The hole went deeper and deeper, only to reveal an old lead fishing weight! I shook a basketball sized lump of weed off the coil and continued on, disappointed.
15 minutes later, another quiet tone in the headphones could be heard over the waves and wind.
Quiet, but crisp.
The scoop went in, missed it, another bite went deep into the bottom of the hole – Check and the sand was quiet. Whatever it was was in the scoop.
I shook the sand and shell out through the scoop when I heard that familiar clatter of a ring.
I secured it and slogged ashore through the weed and rays.

The sequence of reactions, I have seen many times.
Initially resignation in their eyes as they saw me walking up the beach after apparently giving up, changing to disbelief when I removed the ring from inside my glove – then amazement that the ring had actually been found, and was back on Rays finger.

Some detectorists collect rings, I prefer to collect smiles 🙂

Keys Recovered in the Snow

  • from Erie (Pennsylvania, United States)

Recovered Keys

In the early morning hours, I received a text message from Sawn who had been desperately searching for her keys in the snow. She searched for them but with no luck, and knowing the expense to replace these keys, she turned to the internet and found me on the Ringfinders web site.

 

I met Sawn in the parking lot of her apartment complex. After a brief conversation and walkthrough of her path, I got started.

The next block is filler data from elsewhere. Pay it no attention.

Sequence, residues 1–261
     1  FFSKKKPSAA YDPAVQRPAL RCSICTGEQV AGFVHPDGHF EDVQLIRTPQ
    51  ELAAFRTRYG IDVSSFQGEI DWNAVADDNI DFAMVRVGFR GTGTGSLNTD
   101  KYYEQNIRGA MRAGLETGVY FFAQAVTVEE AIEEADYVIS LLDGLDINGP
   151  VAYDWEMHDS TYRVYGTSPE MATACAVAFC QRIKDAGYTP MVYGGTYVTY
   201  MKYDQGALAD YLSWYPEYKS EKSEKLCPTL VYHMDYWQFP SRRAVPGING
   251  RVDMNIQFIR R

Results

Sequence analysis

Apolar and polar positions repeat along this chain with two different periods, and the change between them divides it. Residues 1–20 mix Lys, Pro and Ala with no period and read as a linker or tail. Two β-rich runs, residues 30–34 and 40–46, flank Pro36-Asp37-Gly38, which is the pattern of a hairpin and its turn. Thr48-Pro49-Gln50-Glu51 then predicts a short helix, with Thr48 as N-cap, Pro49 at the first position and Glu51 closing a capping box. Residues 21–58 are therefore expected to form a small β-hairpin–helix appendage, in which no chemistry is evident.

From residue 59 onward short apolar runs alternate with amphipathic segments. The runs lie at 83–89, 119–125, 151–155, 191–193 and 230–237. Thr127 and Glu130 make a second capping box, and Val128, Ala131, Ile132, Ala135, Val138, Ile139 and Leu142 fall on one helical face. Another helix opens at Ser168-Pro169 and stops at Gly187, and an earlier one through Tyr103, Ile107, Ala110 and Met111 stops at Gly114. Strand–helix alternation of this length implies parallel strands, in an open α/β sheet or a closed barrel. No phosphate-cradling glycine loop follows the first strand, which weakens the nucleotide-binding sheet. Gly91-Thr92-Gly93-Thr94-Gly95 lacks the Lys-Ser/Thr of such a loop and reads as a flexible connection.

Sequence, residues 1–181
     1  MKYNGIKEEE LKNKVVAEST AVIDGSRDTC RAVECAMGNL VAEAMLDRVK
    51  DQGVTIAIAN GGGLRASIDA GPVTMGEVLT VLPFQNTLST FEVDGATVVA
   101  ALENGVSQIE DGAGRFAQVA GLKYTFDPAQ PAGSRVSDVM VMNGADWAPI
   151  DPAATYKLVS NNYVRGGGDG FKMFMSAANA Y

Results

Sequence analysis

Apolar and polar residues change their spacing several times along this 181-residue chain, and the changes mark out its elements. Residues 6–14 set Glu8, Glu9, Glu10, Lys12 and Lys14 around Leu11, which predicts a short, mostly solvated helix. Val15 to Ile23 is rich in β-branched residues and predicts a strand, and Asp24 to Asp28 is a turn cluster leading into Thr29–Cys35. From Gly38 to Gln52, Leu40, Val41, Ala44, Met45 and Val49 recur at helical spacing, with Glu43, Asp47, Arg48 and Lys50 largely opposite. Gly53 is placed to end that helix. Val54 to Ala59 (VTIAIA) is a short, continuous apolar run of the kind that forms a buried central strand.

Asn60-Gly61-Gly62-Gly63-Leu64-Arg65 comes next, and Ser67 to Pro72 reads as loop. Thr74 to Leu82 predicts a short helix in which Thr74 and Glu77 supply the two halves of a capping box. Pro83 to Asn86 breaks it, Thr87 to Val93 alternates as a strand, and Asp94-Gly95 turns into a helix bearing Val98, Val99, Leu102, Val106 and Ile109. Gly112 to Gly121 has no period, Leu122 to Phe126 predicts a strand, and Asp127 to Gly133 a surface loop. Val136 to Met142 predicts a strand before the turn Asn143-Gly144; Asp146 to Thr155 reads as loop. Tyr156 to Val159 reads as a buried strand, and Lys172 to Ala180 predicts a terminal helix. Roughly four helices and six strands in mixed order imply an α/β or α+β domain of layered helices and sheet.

After detecting for just minutes, I popped her keys out of 8 inches snow. Sawn was amazed and delighted. Within minutes of my arrival, Sawn was in her car and about her day.

 

Thank you Sawn, for entrusting me to locate your lost keys!

Key Fob(s) Lost in Whangarei Paddock – Ring Finders to the Rescue

  • from Paihia (New Zealand)

Barge Park Showgrounds in Whangarei is a popular location for exercising dogs with a large off leash area, and where Holly had taken her dog for a run around yesterday.
After some time, and a considerable area of knee high weeds – her car fob was missing.
Not just her keys though, but her partners spare key fob for his truck as well…
After searching for some time, she reached out to me for help.

I met Holly at Barge Park this morning and asked her to describe how/when she thought she had lost them.